Cape Town Carnival on the horizon

The floats for the Cape Town Carnival are being built at a workshop in Maitland. The theme for this years carnival is the ocean.

Green Point is gearing up for one of the biggest free events in the calendar year – the Cape Town Carnival – with more than
40 000 people expected to attend.

With just over a month to go, preparations for the carnival are well under way at the Cape Town Carnival’s workshop in Maitland.

CEO of the Cape Town Carnival, Jay Douwes, said it created 1 000 jobs annually and she encouraged the public to get involved.

“It brings together communities to create throughout the year. It is about getting people to work together across a very divided Cape Town.”

Angela Mac Pherson, head of artworks at the Cape Town Carnival, said “Ocean Odyssey” was this year’s theme.

“The carnival is a platform for creativity. On the night, that takes the form of dance and music. The kind of floats that we are making this year explores our imagination of the ocean. The journey goes from the surface to the depths of the ocean where our imaginations run wild.”

Designers from different communities are helping create the floats. “We want input from the whole of Cape Town,” she said.

One of the show-stoppers is likely to be a 20m-long float of a giant squid.

The floats are made from recycled materials and take between three and ten weeks to build.

Lebohang Litsili is in the fabrication and sculpture department. He’s been working with the carnival for five years and before that the Sunnydale resident worked for the Johannesburg Carnival.

“A float takes more than two months to produce from the concept stage to the carnival. It is a long process. I’m excited about it and always look forward to seeing how the people react to it,” he said.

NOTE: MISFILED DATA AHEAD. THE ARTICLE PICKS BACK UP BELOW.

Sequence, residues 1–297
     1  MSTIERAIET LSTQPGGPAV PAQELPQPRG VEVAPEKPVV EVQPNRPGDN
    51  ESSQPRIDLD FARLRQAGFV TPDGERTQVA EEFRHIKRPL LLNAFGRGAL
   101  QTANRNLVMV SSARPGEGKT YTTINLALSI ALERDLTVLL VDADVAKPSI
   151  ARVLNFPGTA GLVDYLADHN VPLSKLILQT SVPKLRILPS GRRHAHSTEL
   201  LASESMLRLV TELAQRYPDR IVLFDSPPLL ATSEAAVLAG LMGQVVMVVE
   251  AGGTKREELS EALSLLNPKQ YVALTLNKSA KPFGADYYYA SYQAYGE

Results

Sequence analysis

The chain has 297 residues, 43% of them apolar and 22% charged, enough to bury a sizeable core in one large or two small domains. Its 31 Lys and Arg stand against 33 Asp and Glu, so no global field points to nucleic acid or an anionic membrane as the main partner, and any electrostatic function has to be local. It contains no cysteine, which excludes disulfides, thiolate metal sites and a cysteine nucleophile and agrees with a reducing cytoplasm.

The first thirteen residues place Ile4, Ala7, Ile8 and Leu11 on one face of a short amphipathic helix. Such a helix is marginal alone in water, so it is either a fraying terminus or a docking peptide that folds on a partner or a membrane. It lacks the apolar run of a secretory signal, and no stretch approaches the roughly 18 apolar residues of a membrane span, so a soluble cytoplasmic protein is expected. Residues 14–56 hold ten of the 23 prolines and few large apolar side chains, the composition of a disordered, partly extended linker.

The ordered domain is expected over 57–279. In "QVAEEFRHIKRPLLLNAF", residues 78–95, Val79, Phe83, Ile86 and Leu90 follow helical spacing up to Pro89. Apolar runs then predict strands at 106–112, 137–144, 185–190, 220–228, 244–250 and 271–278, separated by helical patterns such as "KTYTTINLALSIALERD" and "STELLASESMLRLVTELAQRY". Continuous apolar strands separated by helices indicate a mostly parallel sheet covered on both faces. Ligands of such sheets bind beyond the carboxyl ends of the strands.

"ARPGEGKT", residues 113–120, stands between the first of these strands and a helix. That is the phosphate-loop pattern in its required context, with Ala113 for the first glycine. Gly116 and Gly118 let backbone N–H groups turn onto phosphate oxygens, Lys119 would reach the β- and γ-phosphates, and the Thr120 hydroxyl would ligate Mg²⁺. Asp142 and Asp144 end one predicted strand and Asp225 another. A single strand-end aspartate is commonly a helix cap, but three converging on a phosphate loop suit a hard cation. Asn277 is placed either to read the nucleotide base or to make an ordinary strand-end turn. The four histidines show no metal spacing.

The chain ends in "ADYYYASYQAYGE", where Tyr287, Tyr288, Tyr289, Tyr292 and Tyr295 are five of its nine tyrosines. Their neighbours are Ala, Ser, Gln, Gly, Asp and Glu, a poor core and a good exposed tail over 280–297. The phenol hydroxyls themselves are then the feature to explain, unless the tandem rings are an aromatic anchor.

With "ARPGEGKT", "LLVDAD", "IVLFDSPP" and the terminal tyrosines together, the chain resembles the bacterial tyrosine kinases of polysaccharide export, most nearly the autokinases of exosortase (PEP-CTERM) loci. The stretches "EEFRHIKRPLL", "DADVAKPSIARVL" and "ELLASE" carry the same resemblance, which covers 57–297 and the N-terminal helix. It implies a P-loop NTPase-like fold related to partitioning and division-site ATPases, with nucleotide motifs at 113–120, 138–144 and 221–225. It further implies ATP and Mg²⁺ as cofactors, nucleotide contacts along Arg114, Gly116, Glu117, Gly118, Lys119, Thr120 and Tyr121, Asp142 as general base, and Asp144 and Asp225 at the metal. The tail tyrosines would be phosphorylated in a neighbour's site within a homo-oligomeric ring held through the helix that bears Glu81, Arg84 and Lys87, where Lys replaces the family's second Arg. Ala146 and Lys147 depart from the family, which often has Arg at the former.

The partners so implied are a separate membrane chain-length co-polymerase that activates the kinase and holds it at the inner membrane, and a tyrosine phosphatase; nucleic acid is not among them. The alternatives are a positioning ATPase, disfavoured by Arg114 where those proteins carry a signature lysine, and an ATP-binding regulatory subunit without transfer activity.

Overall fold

Unathi Bango, from Khayelitsha, has performed in the carnival for four years, starting when she was 16.

“I love everything about the Carnival. I saw it on TV, and I told myself that I wanted to join. It’s very good, and I would encourage young people to join. I am at varsity now, and when I go for an interview and tell them I am part of Cape Town Carnival it is an advantage because it is a non-profit.”

JP Smith, mayoral committee for safety and security, said the carnival was a unifying force in the city that helped to show off young, home-grown talent. “I am confident that revellers will be in for a treat when giant floats, wacky puppets and amazing speciality acts ignite the fan walk once again,” he said.

Jenny McQueen, chairwoman of the Green Point Residents’ and Ratepayers’ Association (GPRRA), said there had been some petty crime linked to the carnival in the past, but most people in the area supported the event.

“Yes there is considerable traffic chaos – so best that residents walk down and join in the fun, or just stay home. There have been issues of pick-pocketing which happens wherever there are crowds of people in close proximity to each other. We advise everyone to be vigilant and not carry unnecessary easily accessible items on them.”

The Cape Town Carnival takes place in Green Point on Saturday March 18.